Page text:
Museums make me happy.
Ever since I was a little girl growing up within one square mile of at least ten of them — including such supreme abodes of art as the Metropolitan, Guggenheim and Whitney — I reveled in wandering through galleries exploding with Jackson Pollock’s canvases and calmed by Constantin Brancusi’s bronzes.
Initially instilled by my parents, my appreciation for art increased exponentially under the tutelage of Mr. Yates, my beloved high school art history teacher, whose engaging wit made class more enjoyable than the vodka tonics my girlfriends and I would sip at The Coffee Shop after absconding from school on the number 1 train. (Ah, the pre-Giuliani days!)
My interest flourished over the ensuing years. I interned at a SoHo gallery, penned a college paper on the parallels between Keith Haring and Navajo sandpaintings, and flew across the Atlantic to visit the Prado and the Louvre.
Ever since I moved to Southern California, however, my track record has wavered a bit. And no, it’s not because living out here breeds vapidity. It’s just that the weather seems to call out “hike in the mountains” more than it does “an afternoon inside windowless walls of art.”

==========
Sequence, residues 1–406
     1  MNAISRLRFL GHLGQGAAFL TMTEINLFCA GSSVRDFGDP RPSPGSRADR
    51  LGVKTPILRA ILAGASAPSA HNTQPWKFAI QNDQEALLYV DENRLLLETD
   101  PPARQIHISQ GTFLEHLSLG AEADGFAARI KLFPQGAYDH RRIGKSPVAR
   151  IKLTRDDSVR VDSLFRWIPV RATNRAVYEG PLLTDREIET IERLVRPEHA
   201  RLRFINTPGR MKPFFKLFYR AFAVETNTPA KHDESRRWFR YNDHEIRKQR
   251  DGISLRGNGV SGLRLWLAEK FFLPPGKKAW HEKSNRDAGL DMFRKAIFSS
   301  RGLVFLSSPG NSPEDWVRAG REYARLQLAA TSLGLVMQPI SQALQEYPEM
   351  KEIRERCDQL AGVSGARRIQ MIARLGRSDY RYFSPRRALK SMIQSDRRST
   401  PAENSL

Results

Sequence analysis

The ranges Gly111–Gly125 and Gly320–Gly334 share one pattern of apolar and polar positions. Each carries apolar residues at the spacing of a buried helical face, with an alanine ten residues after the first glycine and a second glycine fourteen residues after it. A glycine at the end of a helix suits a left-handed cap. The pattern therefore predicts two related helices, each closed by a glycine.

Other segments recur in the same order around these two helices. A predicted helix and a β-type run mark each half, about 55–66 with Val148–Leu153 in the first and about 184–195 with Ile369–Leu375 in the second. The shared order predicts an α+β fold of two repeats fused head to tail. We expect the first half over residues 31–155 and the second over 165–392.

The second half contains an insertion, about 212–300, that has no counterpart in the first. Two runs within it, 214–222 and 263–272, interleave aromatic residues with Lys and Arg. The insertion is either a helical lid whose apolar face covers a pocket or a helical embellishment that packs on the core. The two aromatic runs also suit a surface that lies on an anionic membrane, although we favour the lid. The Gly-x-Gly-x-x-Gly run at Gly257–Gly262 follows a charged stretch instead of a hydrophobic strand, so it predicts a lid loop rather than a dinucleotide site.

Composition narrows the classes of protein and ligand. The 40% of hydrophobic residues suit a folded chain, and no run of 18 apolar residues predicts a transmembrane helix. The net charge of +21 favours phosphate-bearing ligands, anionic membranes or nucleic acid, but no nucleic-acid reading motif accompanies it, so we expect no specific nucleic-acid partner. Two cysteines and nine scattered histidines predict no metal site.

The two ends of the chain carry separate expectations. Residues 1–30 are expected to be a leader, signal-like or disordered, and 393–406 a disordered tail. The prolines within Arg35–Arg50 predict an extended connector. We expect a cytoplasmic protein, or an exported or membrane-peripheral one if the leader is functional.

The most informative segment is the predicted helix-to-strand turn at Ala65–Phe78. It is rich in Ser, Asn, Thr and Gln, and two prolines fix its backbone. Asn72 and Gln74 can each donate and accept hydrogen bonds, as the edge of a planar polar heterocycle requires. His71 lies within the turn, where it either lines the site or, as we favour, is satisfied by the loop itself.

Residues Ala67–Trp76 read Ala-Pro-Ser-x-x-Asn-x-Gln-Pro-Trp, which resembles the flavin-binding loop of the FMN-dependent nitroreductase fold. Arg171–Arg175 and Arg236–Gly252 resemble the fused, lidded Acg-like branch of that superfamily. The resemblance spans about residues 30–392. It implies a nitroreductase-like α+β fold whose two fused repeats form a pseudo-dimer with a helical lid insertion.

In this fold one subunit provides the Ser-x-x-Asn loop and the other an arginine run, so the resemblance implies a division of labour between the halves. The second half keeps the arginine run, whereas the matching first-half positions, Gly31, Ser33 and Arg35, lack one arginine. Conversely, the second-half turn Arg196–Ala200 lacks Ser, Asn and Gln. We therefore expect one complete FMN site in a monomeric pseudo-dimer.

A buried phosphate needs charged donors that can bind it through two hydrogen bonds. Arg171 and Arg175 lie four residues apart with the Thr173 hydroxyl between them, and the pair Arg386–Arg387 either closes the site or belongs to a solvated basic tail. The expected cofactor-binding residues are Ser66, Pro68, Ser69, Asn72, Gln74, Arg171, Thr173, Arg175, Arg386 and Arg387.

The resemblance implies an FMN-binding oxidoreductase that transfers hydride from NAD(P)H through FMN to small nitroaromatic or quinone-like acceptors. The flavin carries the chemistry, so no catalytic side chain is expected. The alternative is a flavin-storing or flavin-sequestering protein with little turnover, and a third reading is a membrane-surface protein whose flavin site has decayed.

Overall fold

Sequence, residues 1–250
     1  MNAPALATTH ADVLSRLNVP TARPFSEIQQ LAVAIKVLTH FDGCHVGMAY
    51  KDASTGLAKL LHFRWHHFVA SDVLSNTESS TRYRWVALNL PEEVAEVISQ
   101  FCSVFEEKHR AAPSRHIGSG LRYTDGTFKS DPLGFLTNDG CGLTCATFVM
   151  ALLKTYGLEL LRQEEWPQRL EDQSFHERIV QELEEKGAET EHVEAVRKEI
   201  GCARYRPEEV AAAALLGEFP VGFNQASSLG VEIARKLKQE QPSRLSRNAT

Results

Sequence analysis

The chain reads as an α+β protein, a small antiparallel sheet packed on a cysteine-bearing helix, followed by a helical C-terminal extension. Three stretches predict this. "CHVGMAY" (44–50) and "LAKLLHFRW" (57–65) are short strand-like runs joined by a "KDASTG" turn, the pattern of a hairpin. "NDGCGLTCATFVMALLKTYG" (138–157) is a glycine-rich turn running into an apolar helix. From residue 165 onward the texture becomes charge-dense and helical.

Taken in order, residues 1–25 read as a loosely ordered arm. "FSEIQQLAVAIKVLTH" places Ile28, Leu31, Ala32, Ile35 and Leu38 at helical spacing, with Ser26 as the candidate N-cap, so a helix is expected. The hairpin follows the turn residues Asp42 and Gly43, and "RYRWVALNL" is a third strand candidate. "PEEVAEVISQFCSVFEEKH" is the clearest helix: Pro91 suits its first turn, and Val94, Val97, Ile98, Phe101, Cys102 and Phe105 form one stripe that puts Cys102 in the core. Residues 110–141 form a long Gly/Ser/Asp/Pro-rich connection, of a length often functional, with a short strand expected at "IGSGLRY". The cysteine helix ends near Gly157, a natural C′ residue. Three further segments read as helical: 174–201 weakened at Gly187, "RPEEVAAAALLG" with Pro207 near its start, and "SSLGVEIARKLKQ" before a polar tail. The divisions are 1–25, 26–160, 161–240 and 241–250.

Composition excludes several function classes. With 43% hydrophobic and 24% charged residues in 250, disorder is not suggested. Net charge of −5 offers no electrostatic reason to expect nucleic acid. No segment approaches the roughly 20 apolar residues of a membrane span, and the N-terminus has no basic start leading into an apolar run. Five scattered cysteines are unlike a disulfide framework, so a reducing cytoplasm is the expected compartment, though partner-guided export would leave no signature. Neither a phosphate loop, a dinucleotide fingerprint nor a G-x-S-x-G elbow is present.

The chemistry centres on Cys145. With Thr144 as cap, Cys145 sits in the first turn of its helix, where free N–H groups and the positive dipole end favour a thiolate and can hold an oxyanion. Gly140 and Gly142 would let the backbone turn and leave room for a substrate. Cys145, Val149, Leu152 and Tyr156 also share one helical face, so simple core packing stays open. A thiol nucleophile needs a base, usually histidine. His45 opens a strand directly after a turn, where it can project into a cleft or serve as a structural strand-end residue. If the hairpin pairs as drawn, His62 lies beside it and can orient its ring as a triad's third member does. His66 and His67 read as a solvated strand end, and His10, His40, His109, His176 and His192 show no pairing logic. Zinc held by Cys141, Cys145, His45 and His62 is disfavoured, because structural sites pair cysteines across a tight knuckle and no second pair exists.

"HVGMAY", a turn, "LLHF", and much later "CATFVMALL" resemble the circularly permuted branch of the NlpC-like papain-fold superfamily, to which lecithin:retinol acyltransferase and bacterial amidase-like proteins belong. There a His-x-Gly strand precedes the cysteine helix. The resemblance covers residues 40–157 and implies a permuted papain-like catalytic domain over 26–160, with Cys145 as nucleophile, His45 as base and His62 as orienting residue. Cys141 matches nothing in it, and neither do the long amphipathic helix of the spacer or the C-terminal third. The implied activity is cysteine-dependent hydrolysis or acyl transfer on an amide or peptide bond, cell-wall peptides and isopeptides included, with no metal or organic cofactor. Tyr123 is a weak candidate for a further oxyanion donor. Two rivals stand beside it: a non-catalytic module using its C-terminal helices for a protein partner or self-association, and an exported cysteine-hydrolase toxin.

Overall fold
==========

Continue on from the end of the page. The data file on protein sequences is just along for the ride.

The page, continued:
In an effort to switch course, I decided that week #3’s activity should re-charge my artistic affinities.
So which one would it be? The Hammer? The Craft and Folk Art Museum? Or maybe the Pacific Asia Museum? Hmmm…
But then I looked at the calendar — Mother’s Day. And it comes only once a year.
Knowing that my New York City-dwelling mom was steeped in self-pity over the fact that her two kids live thousands of miles away in Los Angeles and Denver, I called up my scheme-loving dad to concoct an early mother’s day surprise.
So, too, did my week #3 plan to visit a museum — albeit across the continent from Los Angeles.
Stay tuned for Part 2, our Mother’s Day outing up the Hudson River to DIA: Beacon…